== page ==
Monday, October 28, 2002
So first off, kudos to The New Republic for publishing people like Adam Garfinkle's piece on how to deal with North Korea. Yeah, I know, TNR is hawkish on Iraq, so Garfinkle is an ideological soul-mate. But I think it's noteworthy that under Peter Beinart's leadership, which has steered TNR's ship firmly in a more liberal direction, the magazine continues to publish strong and important pieces by people like Peter Berkowitz, Gregg Easterbrook, Adam Garfinkle, Robert Kagan, Leon Kass, Charles Krauthammer and John McWhorter, any of whom you might just as well read in The National Review Online or the Weekly Standard as in TNR. There's no comparable publication out there, on the right or left. End of commercial.
That said, I'm highly skeptical of Garfinkle's proposal for dealing with Korea (in a nutshell: get all the Great Powers together to coax and pressure North Korea into a slow, staged surrender to a South Korean takeover), because it is premised on the very unlikely agreement among the great powers in this matter.
Russia is not going to give up the Kuriles for cash, and Japan is not going to pay for them. And apart from cash, Russia has no incentive to go along with this deal, since it is minimally threatened by North Korea. (Similarly, Russia would be a minimal obstacle to unilateral American action to "take out" North Korea, since the Hermit Kingdom is not a Russian but a Chinese ally.) Russia has an interest in avoiding a refugee crisis in its Far East, true. But they are hardly going to surrender territory to prevent one.
China, meanwhile, would be horrified of the prospect of American troops on its border. And no amount of reassurance would convince China that this would not be the outcome of reunification. Russia, it was said, was similarly afraid of German reunification, but it happened nonetheless. But it happened because of a remarkable confluence of circumstances, including the implosion of the East German regime, the fundamental weakness and naivete of Mikhail Gorbachev as a leader, the determination of the Kohl government to achieve reunification, and the general collapse of Soviet power. The North Korean state has not imploded, and it's not obvious that the "Dear Leader" understands that extortion cannot go on forever. The South Koreans have not shown determination to absorb the North, but to befriend it; they are led by a Willy Brandt, not a Helmut Kohl. Moreover, they have the example of German economic failure since reunification to caution them against the economic consequences of such a policy. Finally, and most importantly, the Chinese are not weak, are not led by a Gorbachev, and they have the example of German reunification before them to illustrate the consequences of retreat at the frontier: collapse at the center. The Chinese, as we, believe that the end of the Soviet Empire began with the fall of the Berlin Wall. They do not want the same to happen to them.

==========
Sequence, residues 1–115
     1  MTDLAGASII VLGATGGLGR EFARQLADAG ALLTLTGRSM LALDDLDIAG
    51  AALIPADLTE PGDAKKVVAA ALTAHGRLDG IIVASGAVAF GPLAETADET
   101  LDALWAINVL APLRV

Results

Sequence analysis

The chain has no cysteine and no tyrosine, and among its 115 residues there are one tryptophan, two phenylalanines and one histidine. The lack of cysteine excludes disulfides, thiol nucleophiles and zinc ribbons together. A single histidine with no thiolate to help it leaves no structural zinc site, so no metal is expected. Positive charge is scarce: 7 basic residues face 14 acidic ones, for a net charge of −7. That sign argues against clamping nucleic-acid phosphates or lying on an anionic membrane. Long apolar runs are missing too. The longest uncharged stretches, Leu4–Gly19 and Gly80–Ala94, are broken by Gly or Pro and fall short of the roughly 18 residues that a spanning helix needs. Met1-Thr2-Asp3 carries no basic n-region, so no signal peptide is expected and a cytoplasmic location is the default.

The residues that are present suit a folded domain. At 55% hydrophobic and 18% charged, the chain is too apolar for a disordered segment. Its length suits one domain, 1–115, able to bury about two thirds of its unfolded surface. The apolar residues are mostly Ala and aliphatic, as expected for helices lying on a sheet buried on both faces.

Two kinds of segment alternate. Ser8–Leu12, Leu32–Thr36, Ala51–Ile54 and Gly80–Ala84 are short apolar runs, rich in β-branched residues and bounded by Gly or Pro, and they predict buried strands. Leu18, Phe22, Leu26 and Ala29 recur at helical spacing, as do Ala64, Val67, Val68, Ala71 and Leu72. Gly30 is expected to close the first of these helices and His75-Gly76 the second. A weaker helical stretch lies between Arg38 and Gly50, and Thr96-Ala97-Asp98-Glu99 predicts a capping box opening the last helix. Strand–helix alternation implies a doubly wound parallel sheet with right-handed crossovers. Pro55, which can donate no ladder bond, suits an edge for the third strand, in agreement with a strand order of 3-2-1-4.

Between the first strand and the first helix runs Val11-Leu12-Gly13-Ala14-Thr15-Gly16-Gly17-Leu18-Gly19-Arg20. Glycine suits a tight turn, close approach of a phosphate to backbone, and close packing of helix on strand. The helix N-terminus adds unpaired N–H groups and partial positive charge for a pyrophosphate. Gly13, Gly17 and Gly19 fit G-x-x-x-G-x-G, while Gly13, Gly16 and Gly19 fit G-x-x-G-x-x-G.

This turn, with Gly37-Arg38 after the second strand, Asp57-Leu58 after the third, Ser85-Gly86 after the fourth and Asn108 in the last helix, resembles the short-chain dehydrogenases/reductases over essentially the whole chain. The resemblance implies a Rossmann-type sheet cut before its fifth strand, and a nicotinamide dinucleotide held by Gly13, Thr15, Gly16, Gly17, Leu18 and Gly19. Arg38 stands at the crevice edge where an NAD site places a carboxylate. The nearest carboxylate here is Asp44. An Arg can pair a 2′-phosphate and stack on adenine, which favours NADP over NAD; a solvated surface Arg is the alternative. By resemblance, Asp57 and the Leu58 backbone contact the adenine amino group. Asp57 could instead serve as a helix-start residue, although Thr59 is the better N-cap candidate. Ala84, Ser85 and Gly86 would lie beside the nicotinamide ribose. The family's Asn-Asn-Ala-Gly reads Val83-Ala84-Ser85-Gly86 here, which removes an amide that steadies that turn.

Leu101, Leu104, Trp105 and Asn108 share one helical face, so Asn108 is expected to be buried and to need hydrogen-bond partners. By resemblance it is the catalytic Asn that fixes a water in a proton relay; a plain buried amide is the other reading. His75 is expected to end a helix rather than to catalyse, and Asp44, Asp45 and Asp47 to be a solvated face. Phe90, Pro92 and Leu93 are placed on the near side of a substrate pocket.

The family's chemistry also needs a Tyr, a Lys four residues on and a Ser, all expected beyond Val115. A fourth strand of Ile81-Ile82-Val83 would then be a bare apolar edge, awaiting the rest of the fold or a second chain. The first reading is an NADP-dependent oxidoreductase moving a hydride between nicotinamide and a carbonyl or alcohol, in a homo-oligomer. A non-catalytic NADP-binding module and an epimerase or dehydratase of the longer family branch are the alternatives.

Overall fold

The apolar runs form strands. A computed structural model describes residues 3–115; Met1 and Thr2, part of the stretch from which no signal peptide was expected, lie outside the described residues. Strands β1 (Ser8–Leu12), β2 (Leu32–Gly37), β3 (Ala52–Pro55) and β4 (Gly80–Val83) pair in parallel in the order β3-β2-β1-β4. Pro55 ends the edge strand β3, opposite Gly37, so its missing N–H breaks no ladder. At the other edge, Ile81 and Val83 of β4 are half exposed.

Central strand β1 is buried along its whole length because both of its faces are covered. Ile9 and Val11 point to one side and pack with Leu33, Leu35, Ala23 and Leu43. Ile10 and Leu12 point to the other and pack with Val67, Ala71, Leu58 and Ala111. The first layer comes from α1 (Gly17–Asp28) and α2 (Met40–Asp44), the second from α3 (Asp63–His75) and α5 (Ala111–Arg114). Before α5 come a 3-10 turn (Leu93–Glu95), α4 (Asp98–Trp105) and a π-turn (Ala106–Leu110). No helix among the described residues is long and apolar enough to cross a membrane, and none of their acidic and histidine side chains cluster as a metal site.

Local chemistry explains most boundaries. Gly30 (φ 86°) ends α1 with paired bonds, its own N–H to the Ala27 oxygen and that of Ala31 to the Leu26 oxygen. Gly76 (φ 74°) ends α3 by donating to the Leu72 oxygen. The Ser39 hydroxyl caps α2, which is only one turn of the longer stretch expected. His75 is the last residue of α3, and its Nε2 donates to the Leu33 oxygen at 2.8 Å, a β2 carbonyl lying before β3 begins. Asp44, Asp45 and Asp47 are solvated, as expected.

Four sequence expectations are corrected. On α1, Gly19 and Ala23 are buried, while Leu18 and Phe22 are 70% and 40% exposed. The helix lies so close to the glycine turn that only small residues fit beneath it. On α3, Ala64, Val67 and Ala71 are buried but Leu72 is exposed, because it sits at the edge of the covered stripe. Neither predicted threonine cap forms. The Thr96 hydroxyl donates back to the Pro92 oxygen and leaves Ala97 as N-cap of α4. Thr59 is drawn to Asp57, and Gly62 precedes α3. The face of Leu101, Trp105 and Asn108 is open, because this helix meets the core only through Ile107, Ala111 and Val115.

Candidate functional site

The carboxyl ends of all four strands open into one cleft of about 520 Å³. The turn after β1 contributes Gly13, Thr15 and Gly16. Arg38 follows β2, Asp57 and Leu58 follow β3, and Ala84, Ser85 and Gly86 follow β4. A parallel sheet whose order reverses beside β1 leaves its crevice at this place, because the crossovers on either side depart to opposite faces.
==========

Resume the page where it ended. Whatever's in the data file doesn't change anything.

And how does North Korea threaten China? If the Japanese showed any sign of nuclearization, that might indeed frighten the Chinese into cooperation. But there is no sign of such a movement; rather, Japan seems determined to withdraw further and further into its shell. So long as Japan and South Korea are willing to pay ransom, North Korea's aggression serves Chinese interests. And if we let China know that we're expecting it to bring North Korea to heel, then North Korean aggression could serve Chinese interests even more, as China gets to play good cop to North Korea's bad cop, and extract Western concessions in return for the promise of keeping North Korea relatively restrained. China's long-term foreign policy aim is the expulsion of the United States from the western Pacific and the establishment of a Chinese zone of dominance stretching from Kamchatka to Indonesia. Selling out one of their few clear allies will not serve that objective in any way.